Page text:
A new branch of Costa has been flooded with 1,701 CVs – for just eight shop-based jobs. In a startling reminder of the tough competition for jobs in 2013, the coffee chain revealed that applicants included numerous graduates struggling to find employment after finishing university – and even a senior retail manager with 15 years’ retail experience.

A Costa spokesperson confirmed the chain was astonished by the response to their adverts for three full-time and five part-time jobs in the coffee shop in Mapperley, Nottingham, paying between £6.10 and £10 an hour. Sham Ramparia, Costa’s manager for the Midlands, said:

“Many had a background in retail and some of them were senior retail managers at the likes of Comet and HMV with about 10 to 15 years of experience. Many applicants were hugely over-qualified.

“It seems to be a barometer of two things – the current market and the strength of our brand.

“We only listed the jobs advertisement on one website and put a sign up on the building while we were renovating it but the applications just came flooding in.

“I was amazed at the level of interest. It just shows how hard times are.”

Meanwhile, new figures from the Office of National Statistics reported a jump in overall employment (the number of people in jobs) and a drop in the number of people claiming jobseeker’s allowance – results even the work and pensions secretary Iain Duncan Smith admitted seemed “remarkable”. But there was bad news too – youth unemployment has risen by 11,000. Between September and November 2012, 957,000 people aged 16-24 were unemployed, and that was before the collapse of several chains employing young people went into administration in 2013, including HMV, Blockbuster, Jessops and Republic. Frances O’Grady, the TUC general secretary, said the figures indicated a jobs crisis that was hitting young people particularly hard:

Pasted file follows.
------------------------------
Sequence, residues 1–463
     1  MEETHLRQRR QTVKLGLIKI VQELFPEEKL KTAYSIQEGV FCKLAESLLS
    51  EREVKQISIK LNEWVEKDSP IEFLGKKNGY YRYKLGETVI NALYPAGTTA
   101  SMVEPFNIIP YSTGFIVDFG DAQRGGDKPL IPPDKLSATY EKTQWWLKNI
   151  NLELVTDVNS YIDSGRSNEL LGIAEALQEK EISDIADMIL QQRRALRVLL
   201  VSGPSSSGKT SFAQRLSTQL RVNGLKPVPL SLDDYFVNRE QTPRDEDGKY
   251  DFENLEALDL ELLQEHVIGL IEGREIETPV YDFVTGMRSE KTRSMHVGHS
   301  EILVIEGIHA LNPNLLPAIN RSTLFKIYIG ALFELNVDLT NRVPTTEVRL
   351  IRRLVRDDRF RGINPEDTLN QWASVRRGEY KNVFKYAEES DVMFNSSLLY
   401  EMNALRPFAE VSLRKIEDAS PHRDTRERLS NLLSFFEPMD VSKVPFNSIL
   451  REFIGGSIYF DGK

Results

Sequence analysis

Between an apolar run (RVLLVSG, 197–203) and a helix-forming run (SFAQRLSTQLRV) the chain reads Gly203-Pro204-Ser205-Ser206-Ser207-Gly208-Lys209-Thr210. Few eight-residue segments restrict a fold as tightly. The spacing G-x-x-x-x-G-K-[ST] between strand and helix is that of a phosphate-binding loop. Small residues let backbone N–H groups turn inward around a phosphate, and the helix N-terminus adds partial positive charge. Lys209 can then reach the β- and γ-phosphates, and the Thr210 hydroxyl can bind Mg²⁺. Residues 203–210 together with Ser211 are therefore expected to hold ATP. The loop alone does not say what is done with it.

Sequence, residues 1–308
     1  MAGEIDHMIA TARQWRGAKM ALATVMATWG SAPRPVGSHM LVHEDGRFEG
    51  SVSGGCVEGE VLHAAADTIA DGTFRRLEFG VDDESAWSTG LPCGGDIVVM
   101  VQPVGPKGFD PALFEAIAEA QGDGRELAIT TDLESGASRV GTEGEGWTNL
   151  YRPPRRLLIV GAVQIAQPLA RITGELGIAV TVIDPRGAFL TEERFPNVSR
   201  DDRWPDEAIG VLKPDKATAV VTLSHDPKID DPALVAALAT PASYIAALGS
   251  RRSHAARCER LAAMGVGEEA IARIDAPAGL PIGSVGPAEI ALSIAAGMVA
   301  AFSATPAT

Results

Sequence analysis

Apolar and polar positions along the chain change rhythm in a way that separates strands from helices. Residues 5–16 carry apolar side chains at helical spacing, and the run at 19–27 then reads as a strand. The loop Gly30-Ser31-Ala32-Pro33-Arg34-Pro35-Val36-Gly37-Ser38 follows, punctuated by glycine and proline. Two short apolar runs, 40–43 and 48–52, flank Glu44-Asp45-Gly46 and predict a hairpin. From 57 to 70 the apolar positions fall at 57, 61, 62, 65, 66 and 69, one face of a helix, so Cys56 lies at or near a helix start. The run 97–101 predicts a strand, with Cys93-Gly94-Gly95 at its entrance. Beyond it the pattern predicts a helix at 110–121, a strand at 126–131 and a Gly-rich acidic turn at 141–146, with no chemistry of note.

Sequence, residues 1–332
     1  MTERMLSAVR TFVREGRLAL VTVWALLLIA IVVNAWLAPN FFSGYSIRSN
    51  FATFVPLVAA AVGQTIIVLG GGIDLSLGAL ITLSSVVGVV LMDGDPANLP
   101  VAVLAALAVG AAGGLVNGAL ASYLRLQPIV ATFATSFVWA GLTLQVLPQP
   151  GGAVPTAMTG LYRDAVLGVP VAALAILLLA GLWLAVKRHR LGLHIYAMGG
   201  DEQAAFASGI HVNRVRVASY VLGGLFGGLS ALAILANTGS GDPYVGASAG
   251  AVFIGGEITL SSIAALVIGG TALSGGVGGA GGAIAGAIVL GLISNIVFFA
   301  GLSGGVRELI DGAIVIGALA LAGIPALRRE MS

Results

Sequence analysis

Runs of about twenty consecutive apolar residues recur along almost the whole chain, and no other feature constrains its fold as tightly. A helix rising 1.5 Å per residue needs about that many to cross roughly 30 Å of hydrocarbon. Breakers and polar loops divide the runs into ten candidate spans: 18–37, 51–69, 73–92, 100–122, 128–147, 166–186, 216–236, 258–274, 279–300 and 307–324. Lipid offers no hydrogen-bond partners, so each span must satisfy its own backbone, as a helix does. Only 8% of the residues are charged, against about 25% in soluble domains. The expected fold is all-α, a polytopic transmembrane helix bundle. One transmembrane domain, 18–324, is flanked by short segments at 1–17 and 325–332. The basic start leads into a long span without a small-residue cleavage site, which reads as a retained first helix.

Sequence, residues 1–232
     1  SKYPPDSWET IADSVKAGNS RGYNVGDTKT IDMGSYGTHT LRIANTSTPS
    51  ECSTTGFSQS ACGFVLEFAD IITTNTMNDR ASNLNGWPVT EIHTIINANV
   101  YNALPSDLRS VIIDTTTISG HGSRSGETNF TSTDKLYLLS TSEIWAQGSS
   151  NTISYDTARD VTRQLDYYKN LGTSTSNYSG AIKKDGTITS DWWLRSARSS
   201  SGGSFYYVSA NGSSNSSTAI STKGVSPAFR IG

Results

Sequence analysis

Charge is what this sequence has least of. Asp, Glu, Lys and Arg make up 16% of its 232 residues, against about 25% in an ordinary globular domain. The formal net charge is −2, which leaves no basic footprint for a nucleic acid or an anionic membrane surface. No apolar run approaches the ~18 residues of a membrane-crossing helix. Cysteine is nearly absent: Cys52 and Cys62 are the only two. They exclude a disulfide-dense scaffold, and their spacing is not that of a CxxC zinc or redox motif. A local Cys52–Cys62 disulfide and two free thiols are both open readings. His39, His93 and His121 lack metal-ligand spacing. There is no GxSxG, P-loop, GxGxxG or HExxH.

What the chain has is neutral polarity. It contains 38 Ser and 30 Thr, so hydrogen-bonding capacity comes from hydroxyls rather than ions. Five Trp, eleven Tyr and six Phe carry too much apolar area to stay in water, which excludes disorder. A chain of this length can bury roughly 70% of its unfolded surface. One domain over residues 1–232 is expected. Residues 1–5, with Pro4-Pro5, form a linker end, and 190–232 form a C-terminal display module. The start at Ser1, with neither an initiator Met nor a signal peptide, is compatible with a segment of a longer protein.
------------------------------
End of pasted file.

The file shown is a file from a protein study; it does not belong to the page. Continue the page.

“These figures show just how desperate people are for any kind of work. Ministers claim there are plenty of jobs out there but the reality is that there are far more people chasing those jobs.

“That’s why, rather than demonising unemployed people as scroungers, we need to get the economy growing and support them into work.”

Serious questions are now being asked about the government’s plan to help young people into paid, stable jobs – as some predict youth unemployment, which had been dropping, will top a million once again in 2013. After the collapse in confidence around the controversial Work Programme, is it time for a complete re-think on jobs for young people?

How hard is it for graduates to find employment in 2013? How many of your friends are still hunting for work after finishing university? Do you have faith in the government’s plans to help young people into jobs – or should the politicians be doing more?

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